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Problem Based Learning in the Physics Classroom

Lesson 4: Energy Transformations


Lesson 3 dealt with different types of energy; this lesson deals with how those types transform within a given system. Students accomplish this goal by completing the “Energy-Go-Round” activity, a lab that helps students explore energy transformations through the use of common household items and toys. The activity also gives students valuable practice describing energy changes using both words and diagrams (energy bar graphs and energy “chains”).

Learning Outcomes

  • Students will understand how energy “moves” through a system as that system changes
  • Students will recognize energy transformations that occur in the “real” world
  • Students will represent the energy transformations in a given system using both words and diagrams.

Classroom Time Required

  • Students can complete 3-4 stations of the Energy-Go-Round in about 50 minutes.

Materials Needed

  • The “Energy Station Description” handout contains a detailed list of the required materials
  • “Energy-Go-Round” handout


  • Discuss the concept of an “energy chain” diagram with students, providing a few examples (details given below).
  • Give students the “Energy-Go-Round” handouts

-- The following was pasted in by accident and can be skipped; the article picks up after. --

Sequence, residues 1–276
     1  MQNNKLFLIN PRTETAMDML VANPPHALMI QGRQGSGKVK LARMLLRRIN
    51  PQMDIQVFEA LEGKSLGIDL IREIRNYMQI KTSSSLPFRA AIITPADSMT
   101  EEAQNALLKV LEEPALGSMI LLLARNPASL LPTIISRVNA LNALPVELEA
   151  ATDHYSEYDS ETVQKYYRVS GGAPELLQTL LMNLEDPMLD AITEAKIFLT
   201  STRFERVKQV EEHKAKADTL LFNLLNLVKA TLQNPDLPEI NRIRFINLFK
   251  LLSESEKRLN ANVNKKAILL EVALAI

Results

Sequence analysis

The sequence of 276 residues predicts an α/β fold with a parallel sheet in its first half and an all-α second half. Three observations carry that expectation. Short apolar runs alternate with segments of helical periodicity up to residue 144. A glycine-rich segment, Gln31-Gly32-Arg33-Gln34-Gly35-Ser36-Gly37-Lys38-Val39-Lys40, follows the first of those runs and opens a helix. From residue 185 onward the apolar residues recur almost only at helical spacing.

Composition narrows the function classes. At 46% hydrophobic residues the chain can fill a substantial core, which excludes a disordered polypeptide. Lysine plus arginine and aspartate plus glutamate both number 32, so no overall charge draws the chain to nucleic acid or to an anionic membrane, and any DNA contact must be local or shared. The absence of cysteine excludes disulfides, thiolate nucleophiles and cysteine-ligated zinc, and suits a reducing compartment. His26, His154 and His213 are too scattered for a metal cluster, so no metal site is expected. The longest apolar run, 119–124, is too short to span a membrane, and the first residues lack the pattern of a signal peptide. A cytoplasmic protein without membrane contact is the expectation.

• Split students into groups of either 2 or 4 and send each group to start work on a particular station. As the group finishes, they rotate to another station.
  • During the lab, circulate amongst student groups and talk with them about the energy transformation at their station. Make sure they are accurately depicting the changes with both their words and their diagrams.
  • The “Energy-Go-Round” handout includes a follow-up activity, which students need to complete outside of class. This will be due by the beginning of lesson 7.
  • The first collaboration with the engineering teams occurs on lesson 5, so student teams need to plan accordingly. Specifically, they need to plan out how to most effectively communicate their designs to the engineering teams. While the engineering teams do have access to design sketches (posted on the blog for lesson 4), students need to think about other important information the engineers need to create models of the roller coaster.

Modifications/Author Comments

  • An energy chain is a simple diagram that tracks how energy evolves as a system changes. For a falling object, the chain would describe how gravitational potential energy (GPE) transforms into (KE); GPE KE
  • There are some situations in which the chain branches off into more than one energy type; if the falling object encountered air resistance, the GPE would split into KE and thermal energy (TE) associated with friction
  • It’s usually a good idea to split students up in such a way that they occupy only 9 or 10 of the 12 stations. This leaves some space for student groups that work quicker than others. Adjust group size accordingly.